Lake Charles Police Chief Don Dixon and Calcasieu Parish Sheriff Tony Mancuso. (Rick Hickman / American Press)
Last Modified: Friday, July 12, 2013 1:43 PM
Authorities said 18 people arrested as a result of a 1 1/2-year-long investigation by the Combined Anti-Drug Task Force were funneling “lab-quality” methamphetamine into Calcasieu Parish.
The investigation, dubbed “Operation Havana Speed,” involved several people with ties to horse racing, people living in the U.S. illegally and possibly a murder.
Authorities announced the results of the operation at a news conference at the Lake Charles Police Department on Thursday. Representatives from Lake Charles and Vinton police, the Calcasieu Parish Sheriff’s Office, state police, the Calcasieu Parish District Attorney’s Office and the Office of Homeland Security were present. Other law enforcement agencies were also involved.
On Monday, more than 120 officers began executing search warrants and arresting suspects in Louisiana and Texas.
In total 11 search warrants were issued, resulting in the seizure of “pounds” of crystal meth and several weapons and the discovery of three active meth labs, Don Dixon, Lake Charles police chief, said.
Dixon said the suspected leaders of the organization are Mario Barrazacorral, who is being held in Texas; Sergio Reyes Castillo; and Lazaro Perez Cribeiro, of Cuban descent.
Cribeiro and Castillo are being held in the Calcasieu Correctional Center.
“This investigation began over a year and half ago as a result of a huge influx of crystal meth in Southwest Louisiana,” Dixon said.
The investigation involved numerous undercover buys, and many hours of surveillance, including aerial surveillance, he said.
“The investigation determined lab-quality crystal meth was being transported from locations in Texas to the Vinton-Starks area of west Calcasieu Parish,” Dixon said.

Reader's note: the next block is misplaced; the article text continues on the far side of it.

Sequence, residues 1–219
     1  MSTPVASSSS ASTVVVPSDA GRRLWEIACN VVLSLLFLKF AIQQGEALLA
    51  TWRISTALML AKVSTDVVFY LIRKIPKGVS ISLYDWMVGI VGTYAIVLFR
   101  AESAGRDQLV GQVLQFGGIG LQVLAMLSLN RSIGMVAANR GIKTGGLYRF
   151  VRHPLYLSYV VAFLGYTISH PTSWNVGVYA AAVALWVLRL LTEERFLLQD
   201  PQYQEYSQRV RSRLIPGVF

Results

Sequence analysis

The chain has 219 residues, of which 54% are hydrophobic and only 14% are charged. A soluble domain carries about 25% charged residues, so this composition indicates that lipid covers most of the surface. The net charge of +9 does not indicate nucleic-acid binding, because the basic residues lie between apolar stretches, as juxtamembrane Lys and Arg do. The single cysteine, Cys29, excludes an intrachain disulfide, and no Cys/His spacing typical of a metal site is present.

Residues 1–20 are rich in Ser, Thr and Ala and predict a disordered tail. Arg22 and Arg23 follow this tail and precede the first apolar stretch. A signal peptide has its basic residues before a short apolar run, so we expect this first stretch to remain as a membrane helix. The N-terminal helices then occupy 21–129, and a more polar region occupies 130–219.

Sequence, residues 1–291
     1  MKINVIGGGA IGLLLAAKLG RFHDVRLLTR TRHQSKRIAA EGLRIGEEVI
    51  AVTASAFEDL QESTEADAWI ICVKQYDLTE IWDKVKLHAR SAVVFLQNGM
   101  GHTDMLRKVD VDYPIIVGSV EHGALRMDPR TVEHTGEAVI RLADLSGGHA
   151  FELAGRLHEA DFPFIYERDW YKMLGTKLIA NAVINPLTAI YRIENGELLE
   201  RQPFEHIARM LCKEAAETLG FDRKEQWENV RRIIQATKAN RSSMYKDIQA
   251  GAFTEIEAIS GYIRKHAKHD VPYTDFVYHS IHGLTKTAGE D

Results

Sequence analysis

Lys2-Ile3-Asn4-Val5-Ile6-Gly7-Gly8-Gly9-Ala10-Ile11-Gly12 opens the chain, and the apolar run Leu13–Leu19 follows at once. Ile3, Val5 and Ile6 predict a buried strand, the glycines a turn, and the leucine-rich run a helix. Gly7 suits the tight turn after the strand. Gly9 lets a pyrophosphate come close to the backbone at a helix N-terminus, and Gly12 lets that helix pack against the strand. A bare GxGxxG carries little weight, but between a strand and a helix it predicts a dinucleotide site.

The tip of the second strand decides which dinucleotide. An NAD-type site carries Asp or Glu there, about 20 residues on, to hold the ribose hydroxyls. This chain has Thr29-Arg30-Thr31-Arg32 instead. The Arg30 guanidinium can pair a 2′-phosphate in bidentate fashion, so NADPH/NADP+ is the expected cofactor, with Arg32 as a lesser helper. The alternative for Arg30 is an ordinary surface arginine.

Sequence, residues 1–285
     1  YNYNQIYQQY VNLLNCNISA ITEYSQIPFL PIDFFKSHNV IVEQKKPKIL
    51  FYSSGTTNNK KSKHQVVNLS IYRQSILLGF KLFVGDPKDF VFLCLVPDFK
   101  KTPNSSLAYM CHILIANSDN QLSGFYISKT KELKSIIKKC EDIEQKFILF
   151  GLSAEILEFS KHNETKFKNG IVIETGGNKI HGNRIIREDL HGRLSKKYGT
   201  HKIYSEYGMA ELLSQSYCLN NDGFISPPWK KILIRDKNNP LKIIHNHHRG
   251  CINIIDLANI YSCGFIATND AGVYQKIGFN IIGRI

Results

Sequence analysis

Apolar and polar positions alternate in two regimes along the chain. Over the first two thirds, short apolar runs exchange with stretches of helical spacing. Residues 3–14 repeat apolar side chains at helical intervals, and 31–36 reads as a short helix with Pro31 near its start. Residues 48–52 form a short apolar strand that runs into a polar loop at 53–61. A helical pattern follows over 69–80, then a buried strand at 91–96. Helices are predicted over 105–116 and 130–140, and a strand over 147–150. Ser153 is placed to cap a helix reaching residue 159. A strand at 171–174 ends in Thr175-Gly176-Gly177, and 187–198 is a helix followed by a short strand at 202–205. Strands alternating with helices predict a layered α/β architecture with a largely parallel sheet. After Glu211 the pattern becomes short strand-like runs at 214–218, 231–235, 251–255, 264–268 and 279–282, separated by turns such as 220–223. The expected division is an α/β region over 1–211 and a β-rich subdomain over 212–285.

The operation took a turn when one of the subjects of the investigation went missing in May. The body of Jose Guadaloupe Perez Campos, 34, was pulled from the Neches River in Texas a few days later.
“Once this happened, many of our targets ... kind of ceased operations and took off,” Tony Mancuso, Calcasieu Parish sheriff, said. “It posed a problem for us because here we are in the midst of a big drug operation and now we have a possible homicide.”
Mancuso said the circumstances surrounding the disappearance of Campos, in the country illegally, were suspicious enough to treat the investigation as a homicide, but that many questions still remain.
He said that while official autopsy results from Jefferson County, Texas, have not been released, preliminary results indicate “the injuries he sustained, possibly in Louisiana, may not have been life-threatening” and he could have been alive when he entered the river.
Mancuso said Campos also had a large amount of drugs in his system, so authorities are trying to determine whether he entered the river on his own — possibly because he was high — or whether someone pushed him in.
There are several suspects, Mancuso said.